The ID gang at Evo-News give themselves away here by unwittingly showing that the design debate in this form is a political left/right issue, and grounds for caution at deceptive tactics. And the same holds true for the book cited, Return of the God Hypothesis, which I just read (very hurriedly, jumping to the conclusion and then reading backward in a skim). The book has some interesting points but its core is the fallacious abuse of the design argument as a front for conservative religion and politics. Here the Darwinists, and most biologists/Darwinists have completely boloxed the whole question by claiming that natural selection is the mechanism of evolution, a point that seems beyond dull wits of Darwinian scientists who open themselves up to a sermon disguised behind often valid observations about evolution.
This debate has gone on too long but that’s because in Kantian terms it has no resolution. The famous antinomies of Kant come out in the open and beggar both sides. The Big Bang (assuming it is a solid theory) does indeed provoke a sense of design behind the universe, but at no point is it legitimate to take this as some kind of proof for the existence of god, let alone the Christian brand. Apart from anything else ‘god’ in such a discussion can’t exist because he/she is ‘beyond existence’ so the whole modus ponens enter the realm of Alice’s wonderland where storks are used as cricket pallets, kid you not. To be clear, inferring ‘atheism’ can result in similar confusions.
I think that the issue is easily settled: evolution is factually real, but its mechanism(s) are not known and the pretense otherwise has done harm to science. The tide of science favors the evolution thesis but a comprehensive view of cosmology/evolution still remains elusive. We learn the hard way that science cannot resolve evolution in the fashion of physics, while religion is stuck in its own illusion.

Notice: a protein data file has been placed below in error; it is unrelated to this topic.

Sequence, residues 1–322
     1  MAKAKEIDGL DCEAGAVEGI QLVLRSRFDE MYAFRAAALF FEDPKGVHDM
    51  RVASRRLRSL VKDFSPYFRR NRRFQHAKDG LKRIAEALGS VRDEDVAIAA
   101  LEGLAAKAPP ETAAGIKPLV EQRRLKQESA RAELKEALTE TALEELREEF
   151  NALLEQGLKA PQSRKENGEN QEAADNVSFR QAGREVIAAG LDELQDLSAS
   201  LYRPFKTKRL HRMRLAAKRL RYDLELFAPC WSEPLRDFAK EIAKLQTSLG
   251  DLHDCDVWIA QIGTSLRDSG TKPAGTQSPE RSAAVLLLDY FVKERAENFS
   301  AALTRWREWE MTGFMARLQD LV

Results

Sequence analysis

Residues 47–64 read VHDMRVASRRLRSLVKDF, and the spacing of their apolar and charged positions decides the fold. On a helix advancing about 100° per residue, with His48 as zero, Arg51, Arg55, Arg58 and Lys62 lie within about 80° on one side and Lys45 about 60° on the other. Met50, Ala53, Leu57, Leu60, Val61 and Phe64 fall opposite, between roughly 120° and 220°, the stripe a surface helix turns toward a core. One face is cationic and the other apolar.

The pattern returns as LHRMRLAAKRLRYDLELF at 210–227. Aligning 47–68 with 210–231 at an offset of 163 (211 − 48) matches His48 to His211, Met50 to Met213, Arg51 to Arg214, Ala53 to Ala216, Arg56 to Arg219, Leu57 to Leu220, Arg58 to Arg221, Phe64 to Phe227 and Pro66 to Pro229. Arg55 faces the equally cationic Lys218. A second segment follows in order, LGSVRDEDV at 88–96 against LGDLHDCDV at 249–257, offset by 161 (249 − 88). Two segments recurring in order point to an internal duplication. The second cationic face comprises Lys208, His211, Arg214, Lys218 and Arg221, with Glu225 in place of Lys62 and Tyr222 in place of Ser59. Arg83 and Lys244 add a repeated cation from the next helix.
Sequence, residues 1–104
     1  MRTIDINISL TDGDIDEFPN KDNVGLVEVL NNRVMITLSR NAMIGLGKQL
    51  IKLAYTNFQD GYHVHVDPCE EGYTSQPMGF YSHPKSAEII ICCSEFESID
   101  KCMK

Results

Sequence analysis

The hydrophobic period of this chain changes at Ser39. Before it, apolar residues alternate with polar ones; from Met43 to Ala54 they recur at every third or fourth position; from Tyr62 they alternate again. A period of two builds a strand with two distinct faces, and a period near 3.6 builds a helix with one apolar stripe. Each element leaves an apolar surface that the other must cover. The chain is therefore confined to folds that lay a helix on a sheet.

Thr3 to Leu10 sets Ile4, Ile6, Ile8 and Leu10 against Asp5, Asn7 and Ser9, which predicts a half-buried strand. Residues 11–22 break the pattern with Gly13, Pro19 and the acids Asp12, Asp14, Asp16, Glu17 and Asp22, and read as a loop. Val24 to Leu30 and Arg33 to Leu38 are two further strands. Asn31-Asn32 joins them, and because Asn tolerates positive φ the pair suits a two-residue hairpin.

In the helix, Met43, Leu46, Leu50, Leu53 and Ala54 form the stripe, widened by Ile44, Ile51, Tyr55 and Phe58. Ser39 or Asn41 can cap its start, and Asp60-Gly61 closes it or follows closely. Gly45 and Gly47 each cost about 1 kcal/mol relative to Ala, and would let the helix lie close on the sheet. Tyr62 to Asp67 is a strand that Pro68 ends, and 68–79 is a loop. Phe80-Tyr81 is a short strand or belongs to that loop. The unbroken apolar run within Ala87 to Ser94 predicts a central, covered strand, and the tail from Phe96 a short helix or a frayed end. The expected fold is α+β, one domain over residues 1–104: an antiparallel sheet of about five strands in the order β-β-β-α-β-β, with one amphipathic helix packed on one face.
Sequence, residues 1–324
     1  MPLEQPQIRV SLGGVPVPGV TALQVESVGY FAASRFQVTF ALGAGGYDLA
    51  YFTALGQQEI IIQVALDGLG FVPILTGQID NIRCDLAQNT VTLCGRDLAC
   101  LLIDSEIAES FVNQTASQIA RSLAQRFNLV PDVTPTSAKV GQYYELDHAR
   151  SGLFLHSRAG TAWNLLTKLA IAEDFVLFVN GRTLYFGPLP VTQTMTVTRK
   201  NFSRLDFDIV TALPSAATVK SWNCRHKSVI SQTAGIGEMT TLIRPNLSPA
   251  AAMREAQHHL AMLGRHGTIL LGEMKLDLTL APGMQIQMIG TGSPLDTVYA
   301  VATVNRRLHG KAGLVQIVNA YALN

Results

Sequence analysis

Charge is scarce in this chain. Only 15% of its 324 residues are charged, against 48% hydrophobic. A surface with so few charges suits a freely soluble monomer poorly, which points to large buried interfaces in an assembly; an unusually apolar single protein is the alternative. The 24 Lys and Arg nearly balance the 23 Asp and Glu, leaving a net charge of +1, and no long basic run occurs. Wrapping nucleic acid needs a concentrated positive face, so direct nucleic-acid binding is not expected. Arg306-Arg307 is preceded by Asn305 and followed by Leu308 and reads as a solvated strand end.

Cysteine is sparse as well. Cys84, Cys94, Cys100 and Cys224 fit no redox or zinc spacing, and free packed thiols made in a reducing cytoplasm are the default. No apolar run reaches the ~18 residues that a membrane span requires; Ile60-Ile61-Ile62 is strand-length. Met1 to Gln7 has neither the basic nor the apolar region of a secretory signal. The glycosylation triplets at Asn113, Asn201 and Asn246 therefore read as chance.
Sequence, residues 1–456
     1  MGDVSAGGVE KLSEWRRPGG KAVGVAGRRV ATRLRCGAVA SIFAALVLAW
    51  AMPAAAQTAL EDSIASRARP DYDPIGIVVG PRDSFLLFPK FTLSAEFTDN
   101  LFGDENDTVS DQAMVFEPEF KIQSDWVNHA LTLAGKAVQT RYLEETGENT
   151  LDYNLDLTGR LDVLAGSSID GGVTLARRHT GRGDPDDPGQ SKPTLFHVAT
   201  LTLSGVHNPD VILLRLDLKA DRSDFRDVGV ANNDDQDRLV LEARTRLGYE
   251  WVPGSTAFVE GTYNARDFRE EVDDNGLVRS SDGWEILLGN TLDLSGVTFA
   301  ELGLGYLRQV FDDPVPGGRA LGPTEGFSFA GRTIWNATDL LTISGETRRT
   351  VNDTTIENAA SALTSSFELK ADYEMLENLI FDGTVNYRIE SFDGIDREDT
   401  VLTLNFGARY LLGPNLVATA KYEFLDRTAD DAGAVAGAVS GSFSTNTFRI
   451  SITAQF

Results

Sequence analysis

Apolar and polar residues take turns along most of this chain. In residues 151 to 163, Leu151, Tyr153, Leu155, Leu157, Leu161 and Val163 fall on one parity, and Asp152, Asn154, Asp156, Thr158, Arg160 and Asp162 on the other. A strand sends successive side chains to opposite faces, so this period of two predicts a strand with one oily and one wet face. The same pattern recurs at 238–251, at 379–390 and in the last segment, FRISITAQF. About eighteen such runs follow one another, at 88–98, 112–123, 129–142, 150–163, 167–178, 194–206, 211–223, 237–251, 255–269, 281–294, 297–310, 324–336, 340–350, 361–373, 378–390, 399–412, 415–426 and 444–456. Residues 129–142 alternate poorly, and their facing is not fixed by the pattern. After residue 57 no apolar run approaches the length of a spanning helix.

I recommend a study of my ‘eonic model’ as at Decoding World History (free pdf online) to see why the religious believers are so obsessed with the Old Testament, even as its combination of primitive elements next to a now forgotten ‘gnostic’ refusal to speak the name of god (IHVH, as pointing to a mystery, in probably the hidden prophetic early versions before the pop theism of ‘god’ took over the whole subject). The context of the emergence of religions in the Axial Age clarifies the stubborn hold of monotheism, even as it inexorably passes away just as what it replaced did, viz. polytheism. Monotheism was an attempted advance on paganism, and perhaps so it was, but its ‘god’ beliefs start to seem as fanciful as the pantheon of the Iliad. But, to be sure, a new and innovative ‘ god hypothesis’ is entirely possible for the future, but then you must renounce the old and grant its delusive religiosity. I can’t hold out much prospect for such an hypothesis, but in any case an hypothesis preempts jumping to conclusions, you must prove the hypothesis and not cheat at the rules by cribbing from past theologies. As to a new and improved ‘god meme’ from the hypothetical, well, I am still waiting.
I think that a brand of evolution that is honest enough to renounce the selectinist myth/deception along with a Kantian discipline brought to the design argument can help to at least reach a more sensible future that this stale and idiotic evolution debate that attracts mediocrity in both scientists and religionists.
I was hoping that Robinson would push the two of them to say what they think of scientific arguments for intelligent design, of the kind Meyer offers in Return of the God Hypothesis. He does ask them, “Do you buy any of this?” But they don’t really confront the subject head-on. That’s too bad because as Meyer points out, theism without God, so to speak, is “unstable and even dangerous.” Holland’s theme is that Christian ways of thinking are permanently with us — with all of us in the West — but that they can take alarming turns when not grounded by tradition. Meyer thinks that’s just what happened with Communism and now with wokeness.